Karamu (feast)

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A Karamu Ya Imani (Feast of Feasts) is a feast that takes place on December 31, the sixth day of the Kwanzaa period. A Kwanzaa ceremony may include drumming and musical selections, libations, a reading of the African Pledge and the Principles of Blackness, reflection on the Pan-African colors, a discussion of the African principle of the day or a chapter in African history, a candle-lighting ritual, artistic performance, and, finally, a feast, a Karamu.

The Karamu feast was developed in Chicago during a 1971 citywide movement of Pan-African organizations. It was proposed by Hannibal Afrik of Shule ya Matoto as a communitywide promotonial and educational campaign. The initial Karamu Ya Imani occurred on January 1, 1973 at a 200-person gathering at the Ridgeland club.[1]

In 1992, the National Black United Front of Chicago held one of the largest Karamu Ya Imani celebrations in the country. It included dancing, a youth ensemble and a keynote speech by NBUF and prominent black nationalist leader Conrad Worrill.[2]


  • Lauren Gorine (fiestentak)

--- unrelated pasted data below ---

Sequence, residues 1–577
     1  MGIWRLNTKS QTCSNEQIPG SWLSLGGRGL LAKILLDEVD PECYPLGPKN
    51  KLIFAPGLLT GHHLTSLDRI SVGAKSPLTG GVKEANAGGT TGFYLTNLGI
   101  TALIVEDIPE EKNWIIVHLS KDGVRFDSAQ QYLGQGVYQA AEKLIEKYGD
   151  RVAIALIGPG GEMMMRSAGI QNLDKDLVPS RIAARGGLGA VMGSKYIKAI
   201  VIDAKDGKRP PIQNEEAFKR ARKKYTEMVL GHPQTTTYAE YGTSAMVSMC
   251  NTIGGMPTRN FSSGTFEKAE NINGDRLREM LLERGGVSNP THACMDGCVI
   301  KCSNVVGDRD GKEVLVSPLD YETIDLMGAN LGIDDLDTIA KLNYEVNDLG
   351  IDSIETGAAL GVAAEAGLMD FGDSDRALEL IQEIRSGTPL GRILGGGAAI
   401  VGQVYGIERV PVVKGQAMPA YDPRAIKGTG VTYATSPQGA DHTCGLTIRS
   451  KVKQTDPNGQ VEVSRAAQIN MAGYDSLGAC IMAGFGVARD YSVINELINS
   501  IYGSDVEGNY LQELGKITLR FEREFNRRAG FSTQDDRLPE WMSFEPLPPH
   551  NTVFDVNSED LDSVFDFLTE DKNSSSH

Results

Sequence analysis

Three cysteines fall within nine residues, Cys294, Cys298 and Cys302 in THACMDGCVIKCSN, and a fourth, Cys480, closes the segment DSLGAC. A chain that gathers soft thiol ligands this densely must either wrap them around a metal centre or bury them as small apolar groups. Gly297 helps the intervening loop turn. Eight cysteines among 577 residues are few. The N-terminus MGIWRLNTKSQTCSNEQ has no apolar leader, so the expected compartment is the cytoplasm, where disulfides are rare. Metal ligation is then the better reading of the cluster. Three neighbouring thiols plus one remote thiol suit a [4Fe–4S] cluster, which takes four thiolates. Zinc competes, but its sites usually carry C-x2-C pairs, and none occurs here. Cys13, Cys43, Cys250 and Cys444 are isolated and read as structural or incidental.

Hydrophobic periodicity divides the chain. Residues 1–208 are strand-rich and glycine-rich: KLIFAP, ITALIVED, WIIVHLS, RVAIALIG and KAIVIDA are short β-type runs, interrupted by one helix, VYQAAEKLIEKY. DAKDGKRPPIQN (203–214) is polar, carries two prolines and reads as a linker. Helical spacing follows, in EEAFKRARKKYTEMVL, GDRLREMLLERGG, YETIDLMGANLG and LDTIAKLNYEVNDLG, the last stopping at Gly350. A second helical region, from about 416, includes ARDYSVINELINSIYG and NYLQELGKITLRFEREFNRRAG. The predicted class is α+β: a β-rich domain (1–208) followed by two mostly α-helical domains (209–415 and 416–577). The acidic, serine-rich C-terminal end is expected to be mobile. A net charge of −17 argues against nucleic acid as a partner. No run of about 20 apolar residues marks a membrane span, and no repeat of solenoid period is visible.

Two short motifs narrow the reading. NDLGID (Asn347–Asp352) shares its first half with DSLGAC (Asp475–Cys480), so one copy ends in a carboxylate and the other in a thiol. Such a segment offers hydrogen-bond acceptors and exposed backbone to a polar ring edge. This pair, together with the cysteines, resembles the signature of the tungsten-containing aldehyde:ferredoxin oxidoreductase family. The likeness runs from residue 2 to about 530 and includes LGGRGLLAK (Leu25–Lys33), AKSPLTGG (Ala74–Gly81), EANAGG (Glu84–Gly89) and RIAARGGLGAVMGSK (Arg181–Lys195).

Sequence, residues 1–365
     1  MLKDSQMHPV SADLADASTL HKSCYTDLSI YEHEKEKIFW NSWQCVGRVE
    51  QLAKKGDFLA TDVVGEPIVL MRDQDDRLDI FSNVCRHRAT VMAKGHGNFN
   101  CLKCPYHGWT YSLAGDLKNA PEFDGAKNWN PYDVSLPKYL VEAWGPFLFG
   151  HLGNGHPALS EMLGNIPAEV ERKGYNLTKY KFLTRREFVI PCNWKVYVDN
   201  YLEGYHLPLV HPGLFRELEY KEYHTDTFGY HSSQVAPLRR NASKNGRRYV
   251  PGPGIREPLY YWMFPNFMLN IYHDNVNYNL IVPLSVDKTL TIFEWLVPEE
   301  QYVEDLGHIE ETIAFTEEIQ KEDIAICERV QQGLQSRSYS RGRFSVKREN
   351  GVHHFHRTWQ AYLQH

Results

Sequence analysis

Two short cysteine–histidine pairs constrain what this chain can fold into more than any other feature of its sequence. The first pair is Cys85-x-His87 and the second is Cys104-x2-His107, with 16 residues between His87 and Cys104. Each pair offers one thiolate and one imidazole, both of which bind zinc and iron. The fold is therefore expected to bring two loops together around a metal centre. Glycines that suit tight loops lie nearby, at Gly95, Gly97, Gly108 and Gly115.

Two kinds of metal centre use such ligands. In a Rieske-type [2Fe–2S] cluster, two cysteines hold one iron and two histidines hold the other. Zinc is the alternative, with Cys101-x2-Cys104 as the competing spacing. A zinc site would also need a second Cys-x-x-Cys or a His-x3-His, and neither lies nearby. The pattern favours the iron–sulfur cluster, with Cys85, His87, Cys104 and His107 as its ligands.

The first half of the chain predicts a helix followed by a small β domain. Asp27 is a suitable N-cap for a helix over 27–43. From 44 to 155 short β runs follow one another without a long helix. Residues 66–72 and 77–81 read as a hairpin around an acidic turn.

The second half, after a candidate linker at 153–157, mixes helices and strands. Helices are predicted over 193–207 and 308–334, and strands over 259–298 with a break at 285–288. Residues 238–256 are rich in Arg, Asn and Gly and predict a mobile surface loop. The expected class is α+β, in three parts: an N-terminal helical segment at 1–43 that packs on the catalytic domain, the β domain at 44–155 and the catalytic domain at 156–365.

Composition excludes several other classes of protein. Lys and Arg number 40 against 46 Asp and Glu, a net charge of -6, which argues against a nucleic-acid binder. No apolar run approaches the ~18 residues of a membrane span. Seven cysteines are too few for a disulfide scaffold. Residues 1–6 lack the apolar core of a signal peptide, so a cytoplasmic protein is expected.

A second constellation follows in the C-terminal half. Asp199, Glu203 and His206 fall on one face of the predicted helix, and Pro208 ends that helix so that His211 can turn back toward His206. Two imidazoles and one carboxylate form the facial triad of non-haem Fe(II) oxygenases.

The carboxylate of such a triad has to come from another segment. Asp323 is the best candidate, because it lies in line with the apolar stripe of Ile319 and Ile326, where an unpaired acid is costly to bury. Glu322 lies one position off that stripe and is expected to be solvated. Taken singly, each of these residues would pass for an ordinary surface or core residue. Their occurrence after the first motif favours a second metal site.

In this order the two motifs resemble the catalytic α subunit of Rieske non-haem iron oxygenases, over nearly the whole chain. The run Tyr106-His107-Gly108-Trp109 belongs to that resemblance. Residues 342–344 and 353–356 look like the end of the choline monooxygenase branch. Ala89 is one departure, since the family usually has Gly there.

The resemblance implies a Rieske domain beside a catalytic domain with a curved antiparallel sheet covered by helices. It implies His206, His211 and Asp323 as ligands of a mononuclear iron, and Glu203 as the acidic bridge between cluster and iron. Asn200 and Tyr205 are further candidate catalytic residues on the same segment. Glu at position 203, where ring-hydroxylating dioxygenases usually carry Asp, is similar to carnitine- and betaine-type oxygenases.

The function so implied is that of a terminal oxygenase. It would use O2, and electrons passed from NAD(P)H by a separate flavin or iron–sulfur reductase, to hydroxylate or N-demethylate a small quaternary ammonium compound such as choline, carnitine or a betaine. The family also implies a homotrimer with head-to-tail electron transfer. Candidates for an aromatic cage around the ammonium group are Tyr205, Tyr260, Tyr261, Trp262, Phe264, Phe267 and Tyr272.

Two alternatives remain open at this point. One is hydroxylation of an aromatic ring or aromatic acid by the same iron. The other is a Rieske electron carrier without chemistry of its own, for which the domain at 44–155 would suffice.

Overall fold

• Kukaribisha (Welcoming)
  • Kuumba (Remembering)
  • Kuchunguza Tena Na Kutoa Ahadi Tena (Reassessment and Recommitment)
  • Kushangilla (Rejoicing)
  • Tamshi la Tambiko (Libation Statement)
  • Tamshi la Tutaonana (The Farewell Statement)

See also[edit]


  • Medearis, Angela Shelf (1994), The Seven Days of Kwanzaa, Scholastic Paperbacks, ISBN 0-590-46360-8
  • Seton, Susannah (2000), Simple Pleasures for the Holidays, Conari, ISBN 1-57324-515-1
  • Brady, April A. (2000), Kwanzaa Karamu, Lerner Publishing Group, ISBN 0-87614-842-9
  • Karenga, Maulana (1998), Kwanzaa: A Celebration of Family, Community, and Culture, University of Sankore Press, ISBN 0-943412-21-8
  • Marsh, Carole (2003), Kwanzaa: Activities, Crafts, Recipes, and More!, Gallopade International, ISBN 0-635-02173-0
  • Anganza, Maitefa (2007), Kwanzaa: from Holiday to Every Day, Kensington Publishing Corporation, ISBN 0-7582-1665-3
  • Gamble-Gumbs, Ida (1998), How to Plan a Kwanzaa Celebration, Cultural Expressions, Inc., ISBN 0-9629827-1-7
  • Hintz, Martin (1996), Kwanzaa: Why We Celebrate It the Way We Do, Capstone Press, ISBN 1-56065-329-9
  • Asante, Molefi K.; Mazama, Ama (2005), Encyclopedia of Black Studies, SAGE, ISBN 0-7619-2762-X


  1. ^ Mayes, Keith (2006). Peniel Joseph, ed. The Black Power Movement: Rethinking the Civil Rights-Black Power Era. Taylor & Francis Group. pp. 244–245. ISBN 978-0-415-94596-7.
  2. ^ McFarland, Melanie (December 25, 1992). "Kwanzaa Is A Time Of Reflection - Chicago Tribune". Chicago Tribune. Retrieved 24 December 2011.